June 2018 seems such a long time ago. So much has changed, so much hasn’t. The Good Journal launched in June 2018, to build on the success of The Good Immigrant and provide British writers of colour with a showcase for their work. Unlike The Good Immigrant, issue one of The Good Journal has a mix of fiction and nonfiction. The writers are a mix, as well, of established and never published before.Continue reading
T C Boyle is a writer that I have intended to read more by since I read and loved his short story ‘She Wasn’t Soft’ in a Bloomsbury Quid edition in 1996.
A decade later, I was visiting a friend in New York and found the collection The Human Fly and Other Stories on a table in Strand Bookstore.
On the back cover it says, “His many and varied novels are part of the American literary landscape – but one of the best ways to appreciate T C Boyle is through his richly imagined short fiction.”
I bought it, and it has been on my bookshelves ever since. From time to time I’ve taken it down and pondered it as my next read but always put back. I decided to add it to my 10 Books of Summer list this year to ensure that I actually get round to reading it.
Rating 4 stars
I like Sathnam Sanghera. He makes difficult, emotive subject matter accessible. His documentary about the Amritsar massacre led me to Kim Wagner’s book Amritsar 1919. I haven’t yet watched his Empire State of Mind series, but I reserved his book Empireland somewhere in the distant past of 2021 and it arrived from the library at the start of this year.
Empireland begins with a set of acknowledgements that include the following statement, “… I’m going to spend as little time as possible fretting about definitions: almost every term used in discussion of empire, from ‘colony’ to ‘commonwealth’ to ‘colonialism’, to say nothing of ‘race’ and ‘racism’, can be contested, their meanings changing over time.” Sanghera goes on to say that immersion in definitions produces long academic books, and his ambition in writing Empireland was to create the opposite.
He has succeeded. Empireland is Sanghera’s personal exploration of who he is, as a British Sikh, and how empire has created the environment he grew up in, as well as influenced the language and attitudes everyone in Britain has, across race, gender, religion and politics. Continue reading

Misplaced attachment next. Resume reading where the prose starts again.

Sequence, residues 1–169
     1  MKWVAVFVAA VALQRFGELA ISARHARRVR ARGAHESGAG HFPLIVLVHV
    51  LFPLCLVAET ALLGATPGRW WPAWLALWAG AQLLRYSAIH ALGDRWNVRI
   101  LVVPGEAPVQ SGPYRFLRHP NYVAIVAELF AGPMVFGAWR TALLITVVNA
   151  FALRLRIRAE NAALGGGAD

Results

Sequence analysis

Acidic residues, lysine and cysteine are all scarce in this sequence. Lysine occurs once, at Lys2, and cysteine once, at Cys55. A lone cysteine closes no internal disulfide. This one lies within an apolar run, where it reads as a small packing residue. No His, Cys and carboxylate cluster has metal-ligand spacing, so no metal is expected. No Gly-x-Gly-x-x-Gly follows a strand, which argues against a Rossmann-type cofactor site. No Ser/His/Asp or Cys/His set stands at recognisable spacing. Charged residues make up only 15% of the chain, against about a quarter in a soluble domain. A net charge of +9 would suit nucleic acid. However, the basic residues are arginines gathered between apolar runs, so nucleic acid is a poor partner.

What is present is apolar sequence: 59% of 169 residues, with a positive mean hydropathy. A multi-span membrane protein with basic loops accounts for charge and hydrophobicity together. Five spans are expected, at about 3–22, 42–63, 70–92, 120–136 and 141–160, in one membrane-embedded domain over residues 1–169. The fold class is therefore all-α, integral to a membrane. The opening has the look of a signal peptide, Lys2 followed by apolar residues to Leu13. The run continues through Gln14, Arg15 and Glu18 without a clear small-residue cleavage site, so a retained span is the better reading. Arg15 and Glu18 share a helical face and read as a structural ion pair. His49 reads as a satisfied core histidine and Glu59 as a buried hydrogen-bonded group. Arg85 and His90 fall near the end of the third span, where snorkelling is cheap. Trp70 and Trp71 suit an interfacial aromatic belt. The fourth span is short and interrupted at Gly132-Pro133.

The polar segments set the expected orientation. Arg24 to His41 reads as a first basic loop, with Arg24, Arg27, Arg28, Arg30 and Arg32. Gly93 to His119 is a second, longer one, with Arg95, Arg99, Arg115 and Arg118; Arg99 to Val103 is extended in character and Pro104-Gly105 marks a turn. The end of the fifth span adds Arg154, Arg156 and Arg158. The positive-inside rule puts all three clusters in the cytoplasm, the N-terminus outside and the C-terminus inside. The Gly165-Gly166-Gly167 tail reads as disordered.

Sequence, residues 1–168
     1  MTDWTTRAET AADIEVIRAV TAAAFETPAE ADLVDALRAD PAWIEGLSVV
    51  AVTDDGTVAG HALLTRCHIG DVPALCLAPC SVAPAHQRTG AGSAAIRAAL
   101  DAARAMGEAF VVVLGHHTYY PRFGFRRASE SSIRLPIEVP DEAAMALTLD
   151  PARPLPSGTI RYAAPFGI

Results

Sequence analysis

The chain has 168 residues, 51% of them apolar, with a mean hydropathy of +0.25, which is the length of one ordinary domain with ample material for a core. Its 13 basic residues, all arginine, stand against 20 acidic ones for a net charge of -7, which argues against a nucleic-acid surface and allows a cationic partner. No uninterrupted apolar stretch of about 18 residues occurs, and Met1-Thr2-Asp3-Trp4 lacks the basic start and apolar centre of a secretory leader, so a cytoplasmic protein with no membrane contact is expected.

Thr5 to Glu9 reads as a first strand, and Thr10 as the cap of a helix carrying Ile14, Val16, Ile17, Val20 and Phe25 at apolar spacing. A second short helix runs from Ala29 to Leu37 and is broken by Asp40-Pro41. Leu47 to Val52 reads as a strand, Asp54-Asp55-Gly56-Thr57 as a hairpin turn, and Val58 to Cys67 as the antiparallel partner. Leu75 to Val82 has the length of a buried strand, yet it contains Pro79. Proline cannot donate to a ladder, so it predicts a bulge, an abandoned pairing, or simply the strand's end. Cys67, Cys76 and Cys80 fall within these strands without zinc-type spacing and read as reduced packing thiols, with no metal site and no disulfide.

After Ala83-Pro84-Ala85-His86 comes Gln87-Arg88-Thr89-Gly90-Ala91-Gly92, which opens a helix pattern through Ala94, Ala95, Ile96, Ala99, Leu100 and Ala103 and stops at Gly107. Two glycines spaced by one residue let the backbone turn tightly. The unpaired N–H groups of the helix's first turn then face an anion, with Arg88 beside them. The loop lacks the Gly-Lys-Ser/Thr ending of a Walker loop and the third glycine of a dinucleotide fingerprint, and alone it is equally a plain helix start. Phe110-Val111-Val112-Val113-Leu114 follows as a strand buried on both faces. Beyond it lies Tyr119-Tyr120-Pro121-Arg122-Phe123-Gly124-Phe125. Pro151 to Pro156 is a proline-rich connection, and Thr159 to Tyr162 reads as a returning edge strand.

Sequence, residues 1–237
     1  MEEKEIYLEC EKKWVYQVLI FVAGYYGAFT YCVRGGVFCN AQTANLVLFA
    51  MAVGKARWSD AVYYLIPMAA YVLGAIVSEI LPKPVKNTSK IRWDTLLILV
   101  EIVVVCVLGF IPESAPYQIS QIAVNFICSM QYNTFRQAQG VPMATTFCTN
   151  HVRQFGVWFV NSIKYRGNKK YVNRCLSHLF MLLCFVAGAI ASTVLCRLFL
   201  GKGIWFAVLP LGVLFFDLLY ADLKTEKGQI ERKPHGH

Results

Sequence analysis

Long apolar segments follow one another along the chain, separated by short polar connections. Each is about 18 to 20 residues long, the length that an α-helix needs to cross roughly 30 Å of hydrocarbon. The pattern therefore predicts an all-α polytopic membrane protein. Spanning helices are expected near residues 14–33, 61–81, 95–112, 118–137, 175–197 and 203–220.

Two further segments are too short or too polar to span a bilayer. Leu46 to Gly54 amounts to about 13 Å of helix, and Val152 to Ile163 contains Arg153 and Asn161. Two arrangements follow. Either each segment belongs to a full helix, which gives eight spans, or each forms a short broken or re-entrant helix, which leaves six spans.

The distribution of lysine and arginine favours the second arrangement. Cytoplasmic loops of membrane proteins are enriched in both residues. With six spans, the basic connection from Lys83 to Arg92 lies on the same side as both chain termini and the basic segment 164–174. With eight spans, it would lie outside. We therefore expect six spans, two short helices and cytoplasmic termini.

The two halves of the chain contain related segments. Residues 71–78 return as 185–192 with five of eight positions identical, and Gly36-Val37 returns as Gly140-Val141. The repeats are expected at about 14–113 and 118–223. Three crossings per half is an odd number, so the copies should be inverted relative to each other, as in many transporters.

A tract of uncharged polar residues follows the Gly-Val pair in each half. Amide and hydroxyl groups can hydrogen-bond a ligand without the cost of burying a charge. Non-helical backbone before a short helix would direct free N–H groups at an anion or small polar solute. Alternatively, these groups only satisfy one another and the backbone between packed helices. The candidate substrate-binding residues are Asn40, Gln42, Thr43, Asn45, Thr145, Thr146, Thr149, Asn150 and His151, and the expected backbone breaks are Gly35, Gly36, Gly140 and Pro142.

Hello June, here so soon. I’m a day late for this month’s Six Degrees of Separation because summer arrived in Manchester this week and yesterday was too glorious to pass up the chance to read in the garden. Kate, who hosts the meme at Books Are My Favourite and Best, has chosen the Stella Prize winning book The Bass Rock for the first book in the chain.Continue reading
Rating 3 stars
For my next read, I travelled from the 17th century and Spain, Portugal, the Netherlands and England fighting to control trade across East Asia, as fictionalised in Shōgun, to the 18th century and the rise of a trading corporation with violence in its constitution. William Dalrymple’s The Anarchy is a boiled down history of the East India Company and its violent occupation and control of the Indian subcontinent that laid the foundations of the British Raj.Continue reading
Rating 5 stars
From start to finish, The Patient Assassin is a gripping read, bringing to life a complex man and the Indian history he is part of.
Rating 4 stars
I found Caroline Criado Perez’s Invisible Women a difficult read. It’s essential in its content and the topics Perez shines a light on, but I found its wide ranging subject and the approach Perez takes in evidencing and unpicking the topics she focuses on resulted in a somewhat dense, exhausting book. It relentlessly raises lots of issues across 300+ pages but leaves any possible solutions to the final dozen. It felt at times like one woman railing against injustice rather than a practical call to arms across society.
The book begins with a simple statement. Continue reading
Rating 4 stars
Plastic Emotions is my second book towards the 20 Books of Summer readathon, and it’s perfect summer reading, full of sultry tropical heat and drowsy meanders through the glare of the afternoon sun.
With this, her second novel, Shiromi Pinto has woven a narrative that mingles fact with fiction to shine a light on an almost forgotten woman. It’s a book that made me want to bunk off work so that I could immerse myself in its world. Continue reading
Rating 4 stars
Back in April I watched Sathnam Sanghera’s film about the 100th anniversary of the massacre at Jallianwala Bagh in Amritsar, India and was shocked at how little I really knew about the Raj, and about British brutality towards Indians. I mean, I knew we weren’t the blameless bringers of all things good that British history wants British people to believe, but I hadn’t realised the extreme distance we were from that fantasy. I wanted to know more about the massacre, so I reserved Kim A. Wagner’s book, published this year for the anniversary, at the library.
It’s an excellent exploration of what led up to the massacre and what followed, giving more weight to these elements of the meaning of Amritsar than to the massacre itself. He sets Amritsar in a wider social and political context that enables him to outline the need for reform in British politics and the reluctance of the ruling class to respond to that need. Continue reading
I have 149 books that I own on my to read list. 78 of those are physical books that teeter in a pair of piles in front of one of my bookcases. When I read that Sandra (A Corner of Cornwall) and Paula (Book Jotter) are doing the 20 Books of Summer readathon hosted at Cathy’s blog 746 Books (I thought my to read pile was bad!), I decided this was the thing that I needed to focus my mind and get 20 of those books read. Continue reading